ONE of the depressing aspects of the internet is that it provides so much aid and comfort to nutters - particularly conspiracy theorists.
There are innumerable websites dedicated to proving that John F Kennedy was murdered at the behest of the KGB, the Mafia, the CIA, Fidel Castro, right-wing Cuban emigres, those dedicated to de-greening the earth or Lyndon Johnson, that the twin towers were destroyed by the FBI or Zionists and that Lord Lucan is alive and well and living in Africa, Canada, Mexico or the Bahamas. The website lordlucan.com has a chatroom and a message board where sightings are recorded.
Lucan-spotters are in a frenzy at present, for not only is it 30 years since the earl disappeared after the murder of his children's nanny, but the police have made it known that the case is still open: they're interested in a Lucan lookalike calling himself John who's been spotted near a Mozambique holiday resort. The Daily Mail had three pages last week airing a whole new set of conspiracy theories, complete with an artist's impression of how Lucan would look today. An unnamed ex-MP, we are told, says that Lucan was spirited away by Sir James Goldsmith, who moved him around the world from hideout to hideout. He can say that now that Goldsmith is dead and can't sue.
'The whole thing is starting all over again,' wrote the Greek multimillionaire, Taki, in the Spectator. 'I suppose cops like to travel on expenses, and hacks like to invent things.'
Not being a proper hack, I favour stories for which there is evidence. Having shopped around the prevailing theories, here's the one I've bought. And I warn you now that it isn't the one that has him sharing a secret retreat on the moon with Princess Diana and Elvis.
Compared to his ancestor, the 3rd Earl of Lucan, who evicted thousands of tenants from his Castlebar lands during the Famine and whose distinguished army career was somewhat blighted by his role in the unfortunate little matter of the Charge of the Light Brigade, Richard John, the 7th Earl, was an amiable and harmless fellow. Every day, according to Taki, John Aspinall - gambling-club owner and zoo-keeper - Jimmy Goldsmith, Taki, Lucan and a couple of others would meet for lunch followed by backgammon and then for dinner and chemin de fer.
Lucan was a tall, good-looking old Etonian, ex-bobsleigher, powerboat racer and, according to Taki, a very charming and well-read man who liked to pretend to be an upper-class twit. That came in handy, as following a ruinous run of bad luck at chemin de fer in the Sixties - which earned him the nickname 'Lucky' - his main means of support apart from the ground rents in Castlebar, was acting as a house player for Aspinall and borrowing money from Taki. His marriage was on the rocks (see ladylucan.co.uk and you'll get some idea why), he was in a terrible state because he couldn't get custody of his children, was drinking heavily and had become quite deranged.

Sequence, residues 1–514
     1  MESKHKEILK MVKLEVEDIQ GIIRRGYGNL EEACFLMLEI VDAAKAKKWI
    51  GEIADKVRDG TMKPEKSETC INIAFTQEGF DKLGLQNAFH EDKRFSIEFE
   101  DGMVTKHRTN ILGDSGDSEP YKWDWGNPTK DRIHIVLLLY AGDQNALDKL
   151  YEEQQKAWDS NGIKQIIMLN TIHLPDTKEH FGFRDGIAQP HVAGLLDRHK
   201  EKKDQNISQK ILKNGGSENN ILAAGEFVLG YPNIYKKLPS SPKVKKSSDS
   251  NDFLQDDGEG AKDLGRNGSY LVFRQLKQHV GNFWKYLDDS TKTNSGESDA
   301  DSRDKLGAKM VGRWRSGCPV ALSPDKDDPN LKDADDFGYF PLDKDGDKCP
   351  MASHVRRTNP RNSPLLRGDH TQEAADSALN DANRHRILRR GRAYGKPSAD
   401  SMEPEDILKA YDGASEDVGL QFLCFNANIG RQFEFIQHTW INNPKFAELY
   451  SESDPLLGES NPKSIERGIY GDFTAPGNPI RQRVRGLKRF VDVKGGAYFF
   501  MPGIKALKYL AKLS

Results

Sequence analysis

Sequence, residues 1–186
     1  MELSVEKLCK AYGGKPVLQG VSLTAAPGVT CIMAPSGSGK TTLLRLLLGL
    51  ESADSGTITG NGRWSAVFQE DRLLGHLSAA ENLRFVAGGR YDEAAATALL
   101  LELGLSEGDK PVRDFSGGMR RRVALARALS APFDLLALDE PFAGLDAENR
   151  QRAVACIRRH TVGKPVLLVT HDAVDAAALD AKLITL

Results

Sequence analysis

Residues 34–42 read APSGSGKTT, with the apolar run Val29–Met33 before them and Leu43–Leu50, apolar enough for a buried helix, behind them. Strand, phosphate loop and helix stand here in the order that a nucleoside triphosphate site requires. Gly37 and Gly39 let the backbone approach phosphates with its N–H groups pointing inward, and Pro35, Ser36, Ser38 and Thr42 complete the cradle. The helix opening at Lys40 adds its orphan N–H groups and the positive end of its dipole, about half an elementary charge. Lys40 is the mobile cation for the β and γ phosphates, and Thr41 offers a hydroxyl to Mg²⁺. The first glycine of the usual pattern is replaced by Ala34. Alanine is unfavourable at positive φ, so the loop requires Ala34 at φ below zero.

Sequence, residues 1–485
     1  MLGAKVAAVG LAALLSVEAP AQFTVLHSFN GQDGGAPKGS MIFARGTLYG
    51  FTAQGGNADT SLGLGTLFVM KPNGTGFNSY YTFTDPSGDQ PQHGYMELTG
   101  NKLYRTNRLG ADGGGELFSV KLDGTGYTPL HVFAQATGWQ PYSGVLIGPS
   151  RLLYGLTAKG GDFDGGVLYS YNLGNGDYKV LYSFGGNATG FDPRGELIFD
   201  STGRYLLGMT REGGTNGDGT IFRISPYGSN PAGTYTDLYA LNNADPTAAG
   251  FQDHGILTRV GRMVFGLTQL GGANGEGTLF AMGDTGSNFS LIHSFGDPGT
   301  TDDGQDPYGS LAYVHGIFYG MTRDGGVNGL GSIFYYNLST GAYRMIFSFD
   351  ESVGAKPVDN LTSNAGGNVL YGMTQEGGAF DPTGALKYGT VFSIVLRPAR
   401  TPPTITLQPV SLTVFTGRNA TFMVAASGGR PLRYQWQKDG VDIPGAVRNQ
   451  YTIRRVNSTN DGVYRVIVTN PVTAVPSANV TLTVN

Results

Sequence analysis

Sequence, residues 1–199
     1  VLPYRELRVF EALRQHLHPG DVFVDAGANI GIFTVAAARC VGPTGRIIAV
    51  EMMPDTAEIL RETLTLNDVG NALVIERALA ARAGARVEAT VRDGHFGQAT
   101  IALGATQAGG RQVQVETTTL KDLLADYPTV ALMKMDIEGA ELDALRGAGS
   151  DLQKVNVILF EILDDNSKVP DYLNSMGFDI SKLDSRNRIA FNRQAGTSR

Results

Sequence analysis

So one evening he set off to murder his wife, by mistake bludgeoned to death his children's unfortunate nanny, Sandra Rivett, attacked his wife but failed to kill her and then drove off to friends in Sussex, where he wrote letters claiming he had just happened on the scene of the murder, but since things looked bad, was intending to 'lie doggo' for a while. He then drove to Newhaven where he abandoned his blood-stained car, took off in the powerboat he had bought with Taki's money and scuttled it.
Lucan's friends believed that he had committed the murder and that, in Aspinall's words, he "killed himself out of shame for having botched it". His denials were written to protect his children from the slur of having a murderer for a father. Taki never bought for a moment the idea that Lucky would have become a fugitive. "He had often talked about the futility of living unless one lived well, or contented."
I cannot think of a single rational reason why there should have been much doubt about Lucan having committed suicide - he came from a world where a chap did the decent thing when handed a pearl-handled revolver.
But the press became fixated with the Lucan set and the notion that they were hiding him and the gullible and the greedy kept the story going. In 2001, for instance, the year after Aspinall died, an obscure peer claimed that Aspinall had helped Lucan go abroad and had subsequently had him killed because Lucan was blackmailing him by threatening to tell of his involvement.
The Lucan story is the tale of a gambler's downfall that ended in terrible tragedy. It's ironic that it should come back into the news in the same week as the British government has yielded to American lobbyists and is allowing super-casinos to be built anywhere a borough council will let them. The poor will now have innumerable opportunities to lose all their money just like poor old Lucky did.
I hope not too many of them will end up destroying their own and others' lives.